As you continue on your path, you’ll pass half-abandoned farms with makeshift gates and raggedy dogs, but, eventually, you end up at the Salinas do Samouco. Here, they offer tours that show you how the famous flor de sal is produced, as well as giving you a better look at the flamingos, and all the other wildlife, that inhabit the basins.
Take your time and enjoy the tour, or, if like me you didn’t have a group of ten, nor the forethought to get there early enough, get on your way.
You’ll have to go back on yourself down the little winding road — don’t forget to take another look at the flamingos — and onto the M501. At this point, you have a choice. Choice one: head back to Alcochete, enjoy this pretty riverside town, and take a bus back to the ferry like a non-adventurous giver-upper. Choice two: keep on trekking to get a new perspective on things.
So, you’ve chosen to keep on trekking? Good. Welcome to the road. As you walk along the M501 be careful of cars, this is not pedestrianized, and if you aren’t cautious, it could prove dangerous. For anybody who has done any hitchhiking, you’ll probably be fine.
The entire walk is along roads, but with eyes open and camera in hand, you get a glimpse of a Portugal that you might not otherwise see. The salt basins stretch out to your right, and to your left are barren fields and distant houses. Your journey takes you through what seems to be a farming region falling into disrepair as buildings crumble and barns are left abandoned.
Also, there are donkeys! They hang out in a field on your right (still the land of Salinas do Samouco) and are very inquisitive. Beware, there is a water-filled ditch between you and them. Don’t be a hero.
Just because you are no longer in the salt basins, doesn’t mean that you can’t see the wildlife that dwells there. Make sure to keep an eye out for more flamingos and other seabirds as you walk along.
You’ll pass allotments and fences, random bus stops and bits of old tyre, and eventually come to Ponte Vasco da Gama. It’s interesting to see it from that angle, as while it normally dominates the Lisbon landscape, from down amongst the fields it seems almost smaller. The bridge also marks the entrance to Samouco.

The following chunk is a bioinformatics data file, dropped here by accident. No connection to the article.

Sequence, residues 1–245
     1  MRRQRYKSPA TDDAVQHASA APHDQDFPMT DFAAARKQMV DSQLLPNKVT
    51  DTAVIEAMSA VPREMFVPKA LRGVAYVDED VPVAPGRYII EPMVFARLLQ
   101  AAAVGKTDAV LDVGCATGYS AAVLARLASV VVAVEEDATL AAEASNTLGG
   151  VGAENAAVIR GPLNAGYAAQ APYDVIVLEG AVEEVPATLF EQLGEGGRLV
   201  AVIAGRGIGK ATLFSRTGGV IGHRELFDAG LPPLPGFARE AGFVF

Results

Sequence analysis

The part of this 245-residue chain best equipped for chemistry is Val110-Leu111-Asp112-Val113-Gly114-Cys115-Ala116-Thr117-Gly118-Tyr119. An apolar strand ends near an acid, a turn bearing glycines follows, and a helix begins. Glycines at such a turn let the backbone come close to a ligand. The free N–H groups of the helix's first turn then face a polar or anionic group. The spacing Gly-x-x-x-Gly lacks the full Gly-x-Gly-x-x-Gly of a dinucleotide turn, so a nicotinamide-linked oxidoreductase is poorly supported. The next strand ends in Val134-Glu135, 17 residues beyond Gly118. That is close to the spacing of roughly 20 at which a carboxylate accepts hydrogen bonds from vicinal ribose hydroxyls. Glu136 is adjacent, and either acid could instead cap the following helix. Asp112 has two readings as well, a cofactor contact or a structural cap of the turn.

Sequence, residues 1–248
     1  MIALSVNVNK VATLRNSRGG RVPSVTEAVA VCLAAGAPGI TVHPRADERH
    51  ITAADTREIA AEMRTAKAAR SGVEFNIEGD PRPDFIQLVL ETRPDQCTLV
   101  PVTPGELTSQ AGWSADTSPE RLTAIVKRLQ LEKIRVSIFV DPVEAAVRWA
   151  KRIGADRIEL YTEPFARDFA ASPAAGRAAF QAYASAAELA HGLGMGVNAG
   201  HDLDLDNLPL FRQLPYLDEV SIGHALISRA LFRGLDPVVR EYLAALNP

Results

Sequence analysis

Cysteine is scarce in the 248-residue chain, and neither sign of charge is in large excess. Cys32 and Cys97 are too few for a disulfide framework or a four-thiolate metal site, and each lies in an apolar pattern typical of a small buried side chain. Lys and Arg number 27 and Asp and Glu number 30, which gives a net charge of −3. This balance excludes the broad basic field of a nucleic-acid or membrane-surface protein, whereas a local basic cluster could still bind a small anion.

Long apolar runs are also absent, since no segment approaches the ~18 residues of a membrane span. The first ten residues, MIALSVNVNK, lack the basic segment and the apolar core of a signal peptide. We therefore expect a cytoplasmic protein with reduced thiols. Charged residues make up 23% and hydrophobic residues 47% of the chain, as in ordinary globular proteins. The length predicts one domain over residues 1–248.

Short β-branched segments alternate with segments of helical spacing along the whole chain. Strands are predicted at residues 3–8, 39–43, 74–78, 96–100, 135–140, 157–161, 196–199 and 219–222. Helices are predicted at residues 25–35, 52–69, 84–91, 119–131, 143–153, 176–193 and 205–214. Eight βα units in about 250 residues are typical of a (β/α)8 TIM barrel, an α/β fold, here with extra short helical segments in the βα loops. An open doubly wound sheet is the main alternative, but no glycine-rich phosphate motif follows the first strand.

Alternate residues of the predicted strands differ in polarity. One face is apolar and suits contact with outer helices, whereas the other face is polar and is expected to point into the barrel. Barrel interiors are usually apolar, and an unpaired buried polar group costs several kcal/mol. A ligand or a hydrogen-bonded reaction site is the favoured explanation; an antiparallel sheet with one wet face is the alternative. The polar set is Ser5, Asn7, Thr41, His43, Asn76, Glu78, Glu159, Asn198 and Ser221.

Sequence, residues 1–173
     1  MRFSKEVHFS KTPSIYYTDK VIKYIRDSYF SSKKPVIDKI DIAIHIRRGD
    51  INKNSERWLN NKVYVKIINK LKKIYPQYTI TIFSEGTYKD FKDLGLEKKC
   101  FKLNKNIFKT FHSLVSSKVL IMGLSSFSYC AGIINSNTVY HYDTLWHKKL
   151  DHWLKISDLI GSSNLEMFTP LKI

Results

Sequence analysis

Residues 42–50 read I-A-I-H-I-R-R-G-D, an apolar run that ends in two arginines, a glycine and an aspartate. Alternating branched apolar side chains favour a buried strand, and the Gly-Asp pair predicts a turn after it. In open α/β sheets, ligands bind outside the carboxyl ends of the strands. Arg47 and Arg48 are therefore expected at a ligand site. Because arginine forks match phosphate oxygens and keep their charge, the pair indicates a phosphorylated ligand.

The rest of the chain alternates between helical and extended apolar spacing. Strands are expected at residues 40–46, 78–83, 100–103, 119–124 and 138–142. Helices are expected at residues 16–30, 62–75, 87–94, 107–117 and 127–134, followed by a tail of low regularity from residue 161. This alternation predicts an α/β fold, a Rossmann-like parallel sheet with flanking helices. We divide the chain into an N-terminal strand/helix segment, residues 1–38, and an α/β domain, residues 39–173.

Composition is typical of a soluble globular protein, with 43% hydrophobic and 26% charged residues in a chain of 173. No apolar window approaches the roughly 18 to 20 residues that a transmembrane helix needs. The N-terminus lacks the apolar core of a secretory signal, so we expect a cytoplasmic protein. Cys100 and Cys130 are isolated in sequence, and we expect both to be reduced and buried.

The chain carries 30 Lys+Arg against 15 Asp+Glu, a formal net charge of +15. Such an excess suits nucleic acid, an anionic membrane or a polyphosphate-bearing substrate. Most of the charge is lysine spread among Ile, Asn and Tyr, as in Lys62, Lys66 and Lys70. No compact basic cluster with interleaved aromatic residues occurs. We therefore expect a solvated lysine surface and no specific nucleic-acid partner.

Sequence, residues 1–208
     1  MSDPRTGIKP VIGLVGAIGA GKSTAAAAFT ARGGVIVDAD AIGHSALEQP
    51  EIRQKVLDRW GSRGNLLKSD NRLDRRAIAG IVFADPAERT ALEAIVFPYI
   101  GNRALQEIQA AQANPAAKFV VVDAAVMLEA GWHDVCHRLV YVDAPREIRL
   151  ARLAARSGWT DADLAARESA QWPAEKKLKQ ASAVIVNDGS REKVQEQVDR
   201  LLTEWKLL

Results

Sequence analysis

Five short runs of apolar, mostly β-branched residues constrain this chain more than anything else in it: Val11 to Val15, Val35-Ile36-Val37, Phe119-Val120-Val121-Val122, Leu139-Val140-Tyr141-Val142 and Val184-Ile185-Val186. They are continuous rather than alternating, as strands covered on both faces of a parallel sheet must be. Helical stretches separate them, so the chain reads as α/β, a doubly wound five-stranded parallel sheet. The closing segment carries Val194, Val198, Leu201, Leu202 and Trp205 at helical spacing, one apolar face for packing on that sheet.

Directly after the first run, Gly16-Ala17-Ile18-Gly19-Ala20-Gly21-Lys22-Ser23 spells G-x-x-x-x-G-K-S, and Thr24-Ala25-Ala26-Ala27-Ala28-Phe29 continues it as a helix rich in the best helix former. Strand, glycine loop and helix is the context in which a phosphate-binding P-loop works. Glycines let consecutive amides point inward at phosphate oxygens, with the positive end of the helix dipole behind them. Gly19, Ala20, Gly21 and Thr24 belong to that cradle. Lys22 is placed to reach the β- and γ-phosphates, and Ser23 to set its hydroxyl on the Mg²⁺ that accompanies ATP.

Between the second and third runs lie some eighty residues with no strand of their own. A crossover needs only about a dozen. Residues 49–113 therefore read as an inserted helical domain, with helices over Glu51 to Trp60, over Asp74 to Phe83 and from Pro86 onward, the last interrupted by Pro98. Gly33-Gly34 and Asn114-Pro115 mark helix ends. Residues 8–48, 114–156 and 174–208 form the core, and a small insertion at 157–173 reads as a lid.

This town has a strange mix of houses with a variety of architectural styles, ages, and colors. Semi-modernized, it feels like a seaside town that’s never been in season. The farming roots are evident, whether it be the antique equipment that adorns the walls or the outdoor-only dogs that appear in every other driveway.
As you wind your way through Samouco, head in the direction of Rua Ruy de Sousa Vinagre. This road has a rather spectacular semi-abandoned villa that is worth checking out, and is also the way out of town. As you walk further along Ruy de Sousa, the houses start to fall away, and you are met by a paddock, or rather the horses who dwell there. They are quick to examine new faces and will more than likely take off at a gallop in what is clearly some major showboating.
Continue onward and you will eventually come to an unnamed dirt road that runs parallel to the military base. This will take you all the way back to the ferry terminal.
Hop on the boat, head back to Lisbon, and enjoy a well-earned beer while regaling your friends with tales of adventure and photos of barely distinguishable flamingos.
Or, if that all sounds awful, just rent a car and go to the nature reserve, it’s probably nicer anyway.